116 STASHED IDEAS
We learn to think for ourselves by learning the thoughts of other people.
The person who claims to think for himself, but rejects studying from other sources, is influenced by a source he is unaware of. The way to really think independently is to gain enough knowledge so that you can discover hidden assumptions in your views.
Our confusion stems from philosopher Rene Descartes, who decided to withdraw into his room and discard any knowledge that could be faulty. He chose to work from first principles on things he knew to be true from experience.
His new philosophy was formulated as, "I think, therefore I am." Modern philosophy is set in motion by his idea, except that his statement was not that original. Isaac Beeckman may have suggested some of Descartes ideas.
We all start as captives of the beliefs that are in our surroundings.
However, if you want to have independent thoughts, you have to learn more from both those with whom you agree and disagree.
It would be mistaken to think accumulating knowledge always lead to independent thought. We are all aware of groupthink and conformity.
But, conformity and groupthink are solved by more learning. The more you come in contact with ideas, the easier it is to notice faulty reasoning.
Our culture praises originality and creativity. We want our students to think for themselves and not follow blindly.
But thinking for oneself does not mean zero input from others. It means, first, thinking through the ideas of other people. Creativity depends on copying others' ideas.
This element of storytelling focuses on turning around the satire's tool so that instead of laughing at someone else, you will smile at yourself.
This method can have analgesic effects, putting you in a serene state of feeling. A modern example would be Douglas Adams's The Hitchhiker's Guide to the Galaxy.
As recorded by Aristotle in Poetics, this invention's blueprint is a plot that discloses to the audience that a character is going to get hurt.
Aristotle hypothesised that this invention could stimulate catharsis, releasing the emotional tension after a traumatic fear. Modern research supports this idea. The hurt delay can increase our self-efficacy, a kind of mental strength that makes us better able to recover from our own experiences of trauma.
Shortly after 335 B.C., Greek philosopher Aristotle wrote a short treatise where he proposed that literature was many inventions, each constructed from an innovative use of story.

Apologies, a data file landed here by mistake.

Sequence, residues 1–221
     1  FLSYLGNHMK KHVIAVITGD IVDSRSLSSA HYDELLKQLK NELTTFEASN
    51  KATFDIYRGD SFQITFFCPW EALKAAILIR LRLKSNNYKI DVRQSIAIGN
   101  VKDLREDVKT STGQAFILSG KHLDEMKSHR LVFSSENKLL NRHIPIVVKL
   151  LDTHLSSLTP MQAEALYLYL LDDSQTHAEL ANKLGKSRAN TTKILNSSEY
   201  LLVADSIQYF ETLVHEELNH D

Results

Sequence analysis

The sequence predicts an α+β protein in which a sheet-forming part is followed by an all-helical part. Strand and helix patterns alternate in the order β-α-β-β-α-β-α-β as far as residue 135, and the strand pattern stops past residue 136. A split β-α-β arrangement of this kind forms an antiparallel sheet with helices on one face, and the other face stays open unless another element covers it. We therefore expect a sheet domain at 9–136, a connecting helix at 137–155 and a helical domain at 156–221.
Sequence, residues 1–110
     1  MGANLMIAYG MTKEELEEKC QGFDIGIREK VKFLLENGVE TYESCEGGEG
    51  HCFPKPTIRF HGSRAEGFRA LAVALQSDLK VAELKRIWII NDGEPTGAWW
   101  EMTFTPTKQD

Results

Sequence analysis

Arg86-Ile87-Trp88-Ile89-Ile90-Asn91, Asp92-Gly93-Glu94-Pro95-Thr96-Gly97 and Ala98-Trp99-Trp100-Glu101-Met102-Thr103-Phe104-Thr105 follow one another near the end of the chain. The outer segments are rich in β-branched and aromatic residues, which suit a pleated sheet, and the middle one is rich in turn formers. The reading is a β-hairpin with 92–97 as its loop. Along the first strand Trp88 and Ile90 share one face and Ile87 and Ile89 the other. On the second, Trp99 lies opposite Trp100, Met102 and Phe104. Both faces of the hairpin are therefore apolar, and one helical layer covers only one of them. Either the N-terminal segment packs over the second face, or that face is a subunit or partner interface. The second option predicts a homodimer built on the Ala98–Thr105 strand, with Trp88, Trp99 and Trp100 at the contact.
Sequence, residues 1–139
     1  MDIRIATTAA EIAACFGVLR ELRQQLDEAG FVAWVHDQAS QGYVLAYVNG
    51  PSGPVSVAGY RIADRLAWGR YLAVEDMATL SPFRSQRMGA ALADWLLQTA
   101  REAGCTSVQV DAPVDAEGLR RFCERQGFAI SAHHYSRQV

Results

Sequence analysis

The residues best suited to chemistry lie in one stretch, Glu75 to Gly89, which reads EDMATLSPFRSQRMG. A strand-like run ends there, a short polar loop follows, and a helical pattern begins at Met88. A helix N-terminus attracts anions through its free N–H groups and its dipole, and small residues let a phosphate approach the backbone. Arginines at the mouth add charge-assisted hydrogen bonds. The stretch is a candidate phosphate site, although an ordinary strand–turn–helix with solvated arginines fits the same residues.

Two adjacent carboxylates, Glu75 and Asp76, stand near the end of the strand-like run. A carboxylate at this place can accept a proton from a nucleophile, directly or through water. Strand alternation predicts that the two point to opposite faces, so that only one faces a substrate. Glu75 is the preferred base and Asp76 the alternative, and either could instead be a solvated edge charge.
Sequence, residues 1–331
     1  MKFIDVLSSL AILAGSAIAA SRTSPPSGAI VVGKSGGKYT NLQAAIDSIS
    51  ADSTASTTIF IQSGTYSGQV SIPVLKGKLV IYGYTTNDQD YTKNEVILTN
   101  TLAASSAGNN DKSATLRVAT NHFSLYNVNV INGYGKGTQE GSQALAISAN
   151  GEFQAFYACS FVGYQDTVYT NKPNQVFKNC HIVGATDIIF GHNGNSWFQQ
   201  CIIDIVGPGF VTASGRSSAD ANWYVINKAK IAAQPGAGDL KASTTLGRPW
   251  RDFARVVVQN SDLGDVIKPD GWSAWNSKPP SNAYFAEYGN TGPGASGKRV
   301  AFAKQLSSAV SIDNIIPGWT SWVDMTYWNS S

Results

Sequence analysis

He suggested that the elements in a story could plug into our imagination, emotions, and other parts of our being, solve problems, and enhance our mental function.
Here, a narrator uses a future-tense voice to address us in the present. In the late 19th century, this invention was engineered into the foundation of the modern thriller, such as H. Rider Haggard in King Solomon's Mines or variants such as The Bourne Identity.
This one can have a potent neural effect: it boosts curiosity, immediately elevating your enthusiasm and energy levels.
This helps with boosting your creativity. This innovation's blueprint is a rule-breaking element inside a larger formal structure, such as the Mother Goose's Medley nursery rhyme:
"Hey, diddle, diddle,
The cat and the fiddle,
The cow jumped over the moon
The little dog laughed
To see such sport,
And the dish ran away with the spoon."
The secret discloser activates dopamine neurons in the brain to convey the hedonic benefits of loving and being loved, making you more cheerful.
The 1952 love song by E. E. Cummings: "here is the deepest secret nobody knows/ I carry your heart (i carry it in my heart)"
Variants outside of poetry can be found in, for example, the novels of Charlotte Brontë.
This invention is a story told by someone with a human heart and a god's all-seeing eye. Homer first used it in The Iliad, but you can find it throughout more recent fiction.
The invention works by tricking your brain into feeling like you're chanting with a greater human voice. It stimulates an endocrine response that is linked to feeling brave.
In this narrative technique, the narrator leads us inside a character's mind to see the character's remorse. For example, in Louisa May Alcott's Little Women, Jo March regrets accidentally burning her sister Meg's hair.
The invention's viewing of a character's private feeling of self-critique stimulates empathy.
The plot twist thrilled Aristotle when he discovered it.
The brown M&M’s principle is the idea that small details can sometimes serve as useful indicators of big issues.
The Brown M&M Principle is also known as the Van Halen Principle originally came from the well-known rock band, Van Halen. Their band's performance was known to be engaging and unforgettable. The brown M&Ms clause was placed in Van Halen's contract to see if their needs were meticulously prepared as they asked for. If a brown M&M is present at their backstage dressing room, they would immediately know that the contract was not read well.
Humans are most capable of passing knowledge down the generations.
Simple and complex tools generally improve through generations. A study found that with complex tools, teaching consistently led to more improvement compared to other conditions.
Our ancestors could have started to make modest improvements to simple tools without the need for teaching.
However, as tools became more complex, teaching started to become beneficial. Improved teaching skills would, in turn, allow for the creation of more complex and efficient tools.